So what does this mean for the offseason game plan heading into 2009?  In typical cryptic Theo Epstein fashion, he'll give you the framework that forms the construct of his strategy, but nary a detail can be found.

"We're at a point now as an organization where we're not desperate to improve in any one area. If you look at our starting pitching, if we bring back our starting corps and just make minor tweaks, I think we can be solid there. That said, is there an opportunity to potentially improve our starting pitching? Absolutely. We're expecting to use a great deal of our time this winter trying to improve. If we just brought back our bullpen, would we have a pretty good bullpen? Yeah, I think it would be pretty darn good. That said, are we going to look to improve the 'pen? Absolutely. We're going to spend countless hours. Same thing if you look at our position player core.

"We can bring back the same group in any one area and be solid and have all of our bases covered. We can now pick our spots and look for areas to improve. We can be selective shoppers in free agency. Last offseason was great, because we didn't have to be desperate, because we had built up our organization to the point where there's no desperation in free agency. I think that's the same approach we'll take this year. Being smart, finding value, and being selective -- maybe aggressive in some areas, but selective at the same time. And the same with the trade market. We don't feel like there's anything we have to do. There's a lot of opportunities out there. Maybe there'd be a fit out there."

So what can we all expect this offseason? 

To Ryne's article yesterday, I think they'll be more likely to bring in a "Lowe" than trade value for a "Peavy".  I think they'll consider Mark Teixeira as an option in free agency, but only if they can find a way to part with Mike Lowell, who had successful hip surgery and should be ready for Spring Training, without Lowell's cost (you will get under market value and eat some of his contract) plus the cost of Teixeira being prohibitive.  They will consider moving Coco Crisp again this offseason, but may be less inclined now die to J.D. Drew's always uncertain health and Crisp's solid postseason.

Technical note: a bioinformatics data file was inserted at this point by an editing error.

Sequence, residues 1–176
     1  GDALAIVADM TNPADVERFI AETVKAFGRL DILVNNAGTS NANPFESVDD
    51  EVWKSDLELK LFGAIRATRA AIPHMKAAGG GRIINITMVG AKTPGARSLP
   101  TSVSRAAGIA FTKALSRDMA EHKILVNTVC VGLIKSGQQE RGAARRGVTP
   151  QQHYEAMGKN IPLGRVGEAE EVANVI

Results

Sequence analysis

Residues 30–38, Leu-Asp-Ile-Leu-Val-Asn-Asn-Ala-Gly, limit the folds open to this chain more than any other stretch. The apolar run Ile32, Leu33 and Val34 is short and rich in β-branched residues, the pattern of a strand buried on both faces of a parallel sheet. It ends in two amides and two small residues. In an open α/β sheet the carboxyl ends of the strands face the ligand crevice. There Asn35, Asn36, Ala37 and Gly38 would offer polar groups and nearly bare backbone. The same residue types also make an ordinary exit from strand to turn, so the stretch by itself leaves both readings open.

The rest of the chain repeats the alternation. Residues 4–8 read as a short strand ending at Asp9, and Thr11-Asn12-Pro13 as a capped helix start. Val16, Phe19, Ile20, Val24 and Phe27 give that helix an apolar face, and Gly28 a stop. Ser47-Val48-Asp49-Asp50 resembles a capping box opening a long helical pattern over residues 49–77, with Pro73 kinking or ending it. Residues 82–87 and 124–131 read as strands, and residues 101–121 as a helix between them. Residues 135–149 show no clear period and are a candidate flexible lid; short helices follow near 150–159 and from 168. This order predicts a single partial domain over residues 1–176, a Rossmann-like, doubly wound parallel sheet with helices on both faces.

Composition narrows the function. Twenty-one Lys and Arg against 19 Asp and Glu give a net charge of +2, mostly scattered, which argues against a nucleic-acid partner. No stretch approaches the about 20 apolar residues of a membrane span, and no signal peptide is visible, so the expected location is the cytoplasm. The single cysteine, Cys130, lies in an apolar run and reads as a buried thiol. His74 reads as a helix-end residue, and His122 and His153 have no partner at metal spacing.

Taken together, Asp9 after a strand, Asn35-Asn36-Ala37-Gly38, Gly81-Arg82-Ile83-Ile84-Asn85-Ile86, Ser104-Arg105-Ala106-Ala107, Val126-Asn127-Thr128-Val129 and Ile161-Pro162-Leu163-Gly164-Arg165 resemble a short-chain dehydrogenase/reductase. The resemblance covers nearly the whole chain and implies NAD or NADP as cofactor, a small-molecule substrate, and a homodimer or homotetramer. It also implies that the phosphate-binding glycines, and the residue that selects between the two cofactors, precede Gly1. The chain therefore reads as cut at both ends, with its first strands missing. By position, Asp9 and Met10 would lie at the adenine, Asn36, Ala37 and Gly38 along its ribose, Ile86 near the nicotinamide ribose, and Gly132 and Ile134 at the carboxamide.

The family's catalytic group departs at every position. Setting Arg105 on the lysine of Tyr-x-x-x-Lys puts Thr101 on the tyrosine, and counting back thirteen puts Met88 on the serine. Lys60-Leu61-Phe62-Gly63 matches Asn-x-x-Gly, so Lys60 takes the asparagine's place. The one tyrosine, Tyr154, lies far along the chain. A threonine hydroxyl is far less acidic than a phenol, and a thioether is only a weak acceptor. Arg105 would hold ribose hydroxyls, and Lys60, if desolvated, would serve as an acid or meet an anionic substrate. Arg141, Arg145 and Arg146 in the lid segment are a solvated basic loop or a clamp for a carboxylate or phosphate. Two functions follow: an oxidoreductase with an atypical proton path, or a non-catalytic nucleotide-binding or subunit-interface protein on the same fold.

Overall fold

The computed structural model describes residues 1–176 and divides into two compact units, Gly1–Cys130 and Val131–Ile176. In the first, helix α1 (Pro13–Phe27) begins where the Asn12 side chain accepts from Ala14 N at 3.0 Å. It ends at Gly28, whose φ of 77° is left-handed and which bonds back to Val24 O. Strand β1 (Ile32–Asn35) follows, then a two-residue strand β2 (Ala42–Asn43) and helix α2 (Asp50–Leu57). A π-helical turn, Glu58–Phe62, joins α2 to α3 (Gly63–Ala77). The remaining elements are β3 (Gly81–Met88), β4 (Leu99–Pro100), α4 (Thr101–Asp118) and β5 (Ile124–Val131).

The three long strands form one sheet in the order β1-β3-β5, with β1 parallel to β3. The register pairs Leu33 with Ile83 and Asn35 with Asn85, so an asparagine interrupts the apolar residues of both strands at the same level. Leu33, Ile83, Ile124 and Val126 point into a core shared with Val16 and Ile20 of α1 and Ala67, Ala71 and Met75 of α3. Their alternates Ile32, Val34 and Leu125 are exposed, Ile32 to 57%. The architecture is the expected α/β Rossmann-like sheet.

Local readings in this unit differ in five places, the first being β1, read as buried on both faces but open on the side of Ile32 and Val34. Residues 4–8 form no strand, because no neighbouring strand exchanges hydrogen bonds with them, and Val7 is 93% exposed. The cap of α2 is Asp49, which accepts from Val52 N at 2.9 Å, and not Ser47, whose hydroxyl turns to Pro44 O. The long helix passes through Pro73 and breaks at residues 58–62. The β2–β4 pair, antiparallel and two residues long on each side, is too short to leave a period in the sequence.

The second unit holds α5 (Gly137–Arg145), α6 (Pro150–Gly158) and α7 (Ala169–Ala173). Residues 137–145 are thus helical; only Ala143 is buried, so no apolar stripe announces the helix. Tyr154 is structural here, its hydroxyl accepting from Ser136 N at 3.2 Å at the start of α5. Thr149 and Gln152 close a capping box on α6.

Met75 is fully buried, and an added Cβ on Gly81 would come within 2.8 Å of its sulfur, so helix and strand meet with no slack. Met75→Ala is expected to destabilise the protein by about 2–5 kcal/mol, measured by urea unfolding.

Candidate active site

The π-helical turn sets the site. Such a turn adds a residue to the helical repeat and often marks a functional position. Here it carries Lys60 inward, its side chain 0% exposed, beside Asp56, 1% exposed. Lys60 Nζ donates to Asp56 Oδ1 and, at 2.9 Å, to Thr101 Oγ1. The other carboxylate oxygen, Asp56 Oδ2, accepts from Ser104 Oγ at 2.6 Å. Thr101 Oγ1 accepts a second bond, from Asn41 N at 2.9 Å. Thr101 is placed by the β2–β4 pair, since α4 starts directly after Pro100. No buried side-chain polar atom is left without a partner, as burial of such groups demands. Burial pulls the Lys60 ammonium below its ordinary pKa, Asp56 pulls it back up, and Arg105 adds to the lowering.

I think they want Jason Varitek back, but only on their terms (shorter dollars - $8-$10mm per year, and less years - 2) than the Captain or Boras would like.  The Red Sox overpaid a hair in 2004 to keep him, I don't expect them to be as generous this time around.  That said, the options out there are limited and the dearth of catching in the Major Leagues can only play to Tek's advantage.  Any chance that the Dodgers feel like they owe us something from the Manny deal and want to give a little on a potential Russel Martin swap?

One thing can be certain this offseason, this team will use it's resources, it's farm system plus the $40 - $60 mm coming off the books this offseason, to improve. 

"I can't give you one theme, 'This is what we need to improve.' I think we're pretty solid. But we need to get better, too. Looking at the caliber of play in our league and our division reinforces the notion that we have to always strive to improve. It'll be essential that we continue the process that we started several years ago of getting younger and more dynamic."
As fans, we should be prepared that the Red Sox may not make the loudest moves this offseason, but I feel comfortable with Theo continuing to steer the ship that is the S.S.S. Red Sox in the right direction over the long haul.